A “potent cocktail” of pressures has forced the trade body for manufacturers to cut its outlook for output this year amid a slump in new orders and hiring.
Make UK’s quarterly survey said a slowdown in production since the early summer had forced it to trim its annual forecast to a fall of 0.5%.
That was down from its previous expectations, in June, for a 0.3% drop during 2023.
The body saw growth of just 0.5% for 2024 and said the finding was within its margin for no growth at all.
Verity Davidge, policy director at Make UK, said: “Manufacturers are seeing a very sharp slowdown in activity as the potent cocktail of rising interest rates, cost of living and slowing overseas markets bites hard.”
At the same time, more than half of the 300 respondents said they have withheld investment in the last two years as a result of the uncertain business environment.
A similar number said they would have invested more in the last five years or, in the future, if there was a formal industrial strategy in place.
Three out of four companies said they believed that policy incentives elsewhere, such as in the EU and US, were making UK investments harder to justify.
The government, last week, announced financial support for both the production of the Mini in Oxford and steel at Port Talbot in South Wales as competition for jobs mounts in the tough global economy.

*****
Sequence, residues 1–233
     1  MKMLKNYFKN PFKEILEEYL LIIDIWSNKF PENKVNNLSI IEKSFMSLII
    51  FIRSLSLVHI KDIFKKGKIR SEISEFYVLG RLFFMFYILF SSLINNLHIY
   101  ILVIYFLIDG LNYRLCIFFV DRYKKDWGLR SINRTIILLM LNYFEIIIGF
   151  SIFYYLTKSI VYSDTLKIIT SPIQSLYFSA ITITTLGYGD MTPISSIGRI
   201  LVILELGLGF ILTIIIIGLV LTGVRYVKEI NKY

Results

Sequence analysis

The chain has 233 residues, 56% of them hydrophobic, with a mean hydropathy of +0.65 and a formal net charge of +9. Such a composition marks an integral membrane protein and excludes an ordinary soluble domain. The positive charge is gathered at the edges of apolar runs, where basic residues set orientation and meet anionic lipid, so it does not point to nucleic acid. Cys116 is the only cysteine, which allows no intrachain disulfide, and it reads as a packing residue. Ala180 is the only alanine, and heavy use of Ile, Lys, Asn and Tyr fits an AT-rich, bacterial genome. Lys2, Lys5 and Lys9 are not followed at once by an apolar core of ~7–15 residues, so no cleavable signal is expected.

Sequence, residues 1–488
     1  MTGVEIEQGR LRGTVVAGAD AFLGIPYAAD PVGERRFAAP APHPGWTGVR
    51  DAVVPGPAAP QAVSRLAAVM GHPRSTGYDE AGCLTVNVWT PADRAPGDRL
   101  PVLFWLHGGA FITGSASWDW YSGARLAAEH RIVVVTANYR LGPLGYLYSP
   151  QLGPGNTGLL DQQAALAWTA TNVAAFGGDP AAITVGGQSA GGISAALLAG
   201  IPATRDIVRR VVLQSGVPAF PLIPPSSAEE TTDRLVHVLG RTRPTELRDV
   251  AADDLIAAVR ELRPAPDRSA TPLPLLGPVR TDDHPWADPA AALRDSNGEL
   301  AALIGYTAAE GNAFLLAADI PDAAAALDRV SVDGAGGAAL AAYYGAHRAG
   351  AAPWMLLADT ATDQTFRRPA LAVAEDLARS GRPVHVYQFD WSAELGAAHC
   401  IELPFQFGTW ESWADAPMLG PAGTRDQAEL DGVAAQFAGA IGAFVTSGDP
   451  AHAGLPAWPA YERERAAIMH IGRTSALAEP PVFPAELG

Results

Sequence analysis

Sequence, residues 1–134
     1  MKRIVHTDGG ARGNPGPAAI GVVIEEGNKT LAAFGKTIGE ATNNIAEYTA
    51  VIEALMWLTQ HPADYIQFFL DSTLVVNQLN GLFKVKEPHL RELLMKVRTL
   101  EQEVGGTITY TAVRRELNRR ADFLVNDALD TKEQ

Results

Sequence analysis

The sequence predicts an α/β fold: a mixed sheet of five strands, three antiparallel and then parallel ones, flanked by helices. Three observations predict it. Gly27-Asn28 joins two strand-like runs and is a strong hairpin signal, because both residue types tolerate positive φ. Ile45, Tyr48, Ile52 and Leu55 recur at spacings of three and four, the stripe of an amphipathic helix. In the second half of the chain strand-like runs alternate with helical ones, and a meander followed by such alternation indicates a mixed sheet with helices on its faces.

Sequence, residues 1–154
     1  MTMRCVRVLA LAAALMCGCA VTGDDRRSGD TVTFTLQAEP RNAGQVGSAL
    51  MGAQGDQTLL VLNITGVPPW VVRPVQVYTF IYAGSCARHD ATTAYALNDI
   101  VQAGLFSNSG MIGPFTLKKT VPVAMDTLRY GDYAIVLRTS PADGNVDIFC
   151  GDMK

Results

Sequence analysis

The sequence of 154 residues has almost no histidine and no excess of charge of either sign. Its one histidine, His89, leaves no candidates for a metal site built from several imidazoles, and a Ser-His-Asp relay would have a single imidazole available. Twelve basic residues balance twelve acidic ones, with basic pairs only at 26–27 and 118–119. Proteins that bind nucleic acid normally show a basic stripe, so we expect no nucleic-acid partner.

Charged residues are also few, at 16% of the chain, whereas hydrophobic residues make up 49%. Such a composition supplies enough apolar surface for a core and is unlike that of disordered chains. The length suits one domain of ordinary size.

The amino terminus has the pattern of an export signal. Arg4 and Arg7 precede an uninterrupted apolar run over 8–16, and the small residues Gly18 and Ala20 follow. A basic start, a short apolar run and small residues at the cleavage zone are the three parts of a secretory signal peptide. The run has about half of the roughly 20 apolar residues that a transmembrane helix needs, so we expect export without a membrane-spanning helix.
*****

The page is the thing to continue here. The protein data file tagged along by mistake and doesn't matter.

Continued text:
Germany – Europe’s largest, and a manufacturing-led economy – is already in recession.
Data has suggested a growing risk of the UK following, with total output in July down by 0.5% on the month before.
However, much of that decline was blamed on the impact of rain and strike action and growth remains in positive territory on a rolling three month basis.
There are two big threats to that scenario in play.
One is the pace of price rises in the economy and the other is the medicine designed to bring inflation under control.
A Reuters poll of economists expects that the rate of inflation ticked up in August to 7.1% from an annual rate of 6.8% the previous month.
That predicted increase is largely explained by rising oil global prices.
While another interest rate rise is expected from the Bank of England the following day, raising borrowing costs for a 15th successive meeting, policymakers may see the rise in oil prices as a further risk to its roadmap for easing inflation.
That is despite the Bank’s governor signalling earlier this month that the cycle of interest rate increases was nearing its end.
Rising oil prices also pose a risk to the government’s target of halving inflation this year.
Rising oil costs mean higher prices for things like road fuel, plane tickets and manufactured goods.